What are your goals right now?
Right now, I just want to drop music. I spent a lot of time practicing and making music. Finding your sound is the most important part, and I spent a lot of time doing that, and performing. So now I want to start showing it. I want to start doing that, and pushing shit out nonstop. I haven’t been dropping that much content. I’ve just been setting everything up—I’ve got management, videographers, a distribution deal—and now I’m ready.
What about label deals?
It was just too early. I wanted to see what I could do myself. I had an offer before I had dropped any of these songs. As far as a label, it was just too early and I only had a few songs out. I didn’t want to limit myself from other opportunities and better shit. I had to tough it out and do it on my own.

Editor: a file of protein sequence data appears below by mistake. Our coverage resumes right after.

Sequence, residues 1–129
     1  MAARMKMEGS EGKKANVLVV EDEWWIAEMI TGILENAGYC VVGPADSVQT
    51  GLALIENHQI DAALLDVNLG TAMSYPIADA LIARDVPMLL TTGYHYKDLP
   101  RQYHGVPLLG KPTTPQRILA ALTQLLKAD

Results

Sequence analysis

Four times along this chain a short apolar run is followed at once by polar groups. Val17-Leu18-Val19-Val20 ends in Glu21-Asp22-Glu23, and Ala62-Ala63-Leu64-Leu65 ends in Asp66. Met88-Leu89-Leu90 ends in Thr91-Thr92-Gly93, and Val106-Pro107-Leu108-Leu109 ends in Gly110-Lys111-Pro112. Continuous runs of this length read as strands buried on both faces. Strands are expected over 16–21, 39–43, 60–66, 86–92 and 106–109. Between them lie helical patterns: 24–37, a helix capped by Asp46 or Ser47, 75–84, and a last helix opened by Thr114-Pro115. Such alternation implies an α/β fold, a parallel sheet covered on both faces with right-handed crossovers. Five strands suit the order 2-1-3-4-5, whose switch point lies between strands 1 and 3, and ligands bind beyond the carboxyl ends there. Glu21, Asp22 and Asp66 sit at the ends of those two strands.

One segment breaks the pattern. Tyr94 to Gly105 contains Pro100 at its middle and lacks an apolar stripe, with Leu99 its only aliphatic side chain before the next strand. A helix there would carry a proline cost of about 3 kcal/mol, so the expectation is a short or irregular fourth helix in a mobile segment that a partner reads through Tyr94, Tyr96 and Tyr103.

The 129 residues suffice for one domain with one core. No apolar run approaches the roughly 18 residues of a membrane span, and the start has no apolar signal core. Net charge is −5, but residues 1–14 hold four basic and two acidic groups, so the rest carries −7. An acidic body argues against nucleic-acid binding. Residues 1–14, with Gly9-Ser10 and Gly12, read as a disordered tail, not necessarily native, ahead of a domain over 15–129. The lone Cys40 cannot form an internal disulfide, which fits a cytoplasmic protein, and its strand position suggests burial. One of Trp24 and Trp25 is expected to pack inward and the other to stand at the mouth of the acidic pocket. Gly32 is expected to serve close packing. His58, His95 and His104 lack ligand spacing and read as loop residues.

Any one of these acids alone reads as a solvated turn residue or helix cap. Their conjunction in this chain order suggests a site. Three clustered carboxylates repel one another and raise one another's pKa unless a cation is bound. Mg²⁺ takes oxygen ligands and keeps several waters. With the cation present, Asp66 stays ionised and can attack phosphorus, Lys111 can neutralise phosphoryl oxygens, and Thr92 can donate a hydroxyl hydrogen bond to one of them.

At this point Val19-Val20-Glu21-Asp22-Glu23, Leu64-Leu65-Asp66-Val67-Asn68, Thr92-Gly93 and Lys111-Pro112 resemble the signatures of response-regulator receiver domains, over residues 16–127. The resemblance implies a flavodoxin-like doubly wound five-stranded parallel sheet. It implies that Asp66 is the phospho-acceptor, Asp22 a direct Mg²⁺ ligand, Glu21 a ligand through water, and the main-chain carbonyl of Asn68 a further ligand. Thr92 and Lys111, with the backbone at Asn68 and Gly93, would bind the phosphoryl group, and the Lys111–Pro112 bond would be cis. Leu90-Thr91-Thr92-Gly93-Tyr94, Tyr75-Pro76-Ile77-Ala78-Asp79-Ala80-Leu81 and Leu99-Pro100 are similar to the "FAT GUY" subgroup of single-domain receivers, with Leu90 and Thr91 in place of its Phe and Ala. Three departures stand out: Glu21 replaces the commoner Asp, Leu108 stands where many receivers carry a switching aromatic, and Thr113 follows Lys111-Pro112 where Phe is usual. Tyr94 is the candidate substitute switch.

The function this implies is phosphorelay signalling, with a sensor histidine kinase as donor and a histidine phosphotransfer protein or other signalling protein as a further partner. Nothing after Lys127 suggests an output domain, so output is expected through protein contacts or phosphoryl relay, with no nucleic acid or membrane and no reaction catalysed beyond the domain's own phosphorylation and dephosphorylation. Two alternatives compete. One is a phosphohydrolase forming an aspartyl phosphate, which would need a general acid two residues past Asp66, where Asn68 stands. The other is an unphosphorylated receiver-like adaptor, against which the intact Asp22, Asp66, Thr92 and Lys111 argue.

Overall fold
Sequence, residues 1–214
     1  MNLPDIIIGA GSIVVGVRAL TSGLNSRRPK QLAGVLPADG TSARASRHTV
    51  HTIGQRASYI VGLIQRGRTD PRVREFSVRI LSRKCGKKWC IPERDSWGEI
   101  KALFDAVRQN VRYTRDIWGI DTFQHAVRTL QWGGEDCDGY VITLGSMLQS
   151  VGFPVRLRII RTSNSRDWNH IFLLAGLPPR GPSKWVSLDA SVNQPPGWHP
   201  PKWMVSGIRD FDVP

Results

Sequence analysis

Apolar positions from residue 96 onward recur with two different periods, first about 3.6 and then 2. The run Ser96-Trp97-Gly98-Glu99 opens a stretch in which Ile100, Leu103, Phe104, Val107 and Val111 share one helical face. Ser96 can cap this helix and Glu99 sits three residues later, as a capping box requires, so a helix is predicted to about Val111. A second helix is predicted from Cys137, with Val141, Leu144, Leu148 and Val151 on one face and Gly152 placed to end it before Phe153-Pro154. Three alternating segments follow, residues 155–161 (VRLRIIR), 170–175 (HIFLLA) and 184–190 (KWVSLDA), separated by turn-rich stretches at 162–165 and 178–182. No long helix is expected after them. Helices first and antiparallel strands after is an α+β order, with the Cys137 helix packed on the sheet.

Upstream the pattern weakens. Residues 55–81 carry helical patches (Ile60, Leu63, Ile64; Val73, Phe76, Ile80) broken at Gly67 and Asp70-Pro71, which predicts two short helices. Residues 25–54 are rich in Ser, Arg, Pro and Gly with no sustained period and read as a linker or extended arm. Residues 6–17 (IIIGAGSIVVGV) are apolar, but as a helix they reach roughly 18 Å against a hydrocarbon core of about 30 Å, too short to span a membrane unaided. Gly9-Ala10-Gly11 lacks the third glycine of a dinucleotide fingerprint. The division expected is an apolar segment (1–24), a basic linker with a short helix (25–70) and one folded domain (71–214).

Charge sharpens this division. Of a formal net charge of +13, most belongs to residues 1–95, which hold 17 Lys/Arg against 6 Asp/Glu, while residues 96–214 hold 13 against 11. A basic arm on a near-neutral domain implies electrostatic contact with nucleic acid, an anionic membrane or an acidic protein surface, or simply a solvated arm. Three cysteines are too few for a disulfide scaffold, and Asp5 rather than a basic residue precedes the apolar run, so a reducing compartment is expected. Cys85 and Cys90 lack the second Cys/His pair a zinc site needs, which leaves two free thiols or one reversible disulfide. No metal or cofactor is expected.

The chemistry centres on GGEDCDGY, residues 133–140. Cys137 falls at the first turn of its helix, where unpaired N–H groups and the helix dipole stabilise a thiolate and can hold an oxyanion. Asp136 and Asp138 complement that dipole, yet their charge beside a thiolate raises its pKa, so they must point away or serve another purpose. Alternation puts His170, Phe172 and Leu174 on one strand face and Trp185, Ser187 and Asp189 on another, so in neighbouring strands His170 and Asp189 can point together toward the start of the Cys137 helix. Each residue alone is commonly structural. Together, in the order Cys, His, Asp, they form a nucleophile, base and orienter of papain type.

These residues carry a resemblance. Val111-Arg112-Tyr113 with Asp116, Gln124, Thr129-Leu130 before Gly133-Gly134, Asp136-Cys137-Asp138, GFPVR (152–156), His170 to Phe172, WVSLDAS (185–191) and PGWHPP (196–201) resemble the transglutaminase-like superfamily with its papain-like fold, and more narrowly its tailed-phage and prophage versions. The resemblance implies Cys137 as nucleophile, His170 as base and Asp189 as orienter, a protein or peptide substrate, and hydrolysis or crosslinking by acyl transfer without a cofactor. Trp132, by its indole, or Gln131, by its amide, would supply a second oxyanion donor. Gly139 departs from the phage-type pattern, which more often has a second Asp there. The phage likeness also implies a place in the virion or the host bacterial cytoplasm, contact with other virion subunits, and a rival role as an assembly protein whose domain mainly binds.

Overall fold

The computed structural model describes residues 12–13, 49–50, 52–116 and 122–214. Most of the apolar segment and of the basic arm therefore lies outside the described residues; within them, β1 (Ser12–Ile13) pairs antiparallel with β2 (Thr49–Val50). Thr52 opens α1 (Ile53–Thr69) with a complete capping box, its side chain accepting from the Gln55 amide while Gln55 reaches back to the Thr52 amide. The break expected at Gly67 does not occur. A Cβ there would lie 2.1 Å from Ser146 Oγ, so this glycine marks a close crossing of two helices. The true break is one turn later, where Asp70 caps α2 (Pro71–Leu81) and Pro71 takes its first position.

Do you think about where you want to be in 10 or 20 years?
Long term, my goal is to do rock music. I want to branch off and slowly transform into legendary rock and roll. My name is Rockstar Payso, and I want to live behind that. I want to make classic rock songs and rock albums. I have really good energy, so I want to spread that energy and make classic shit.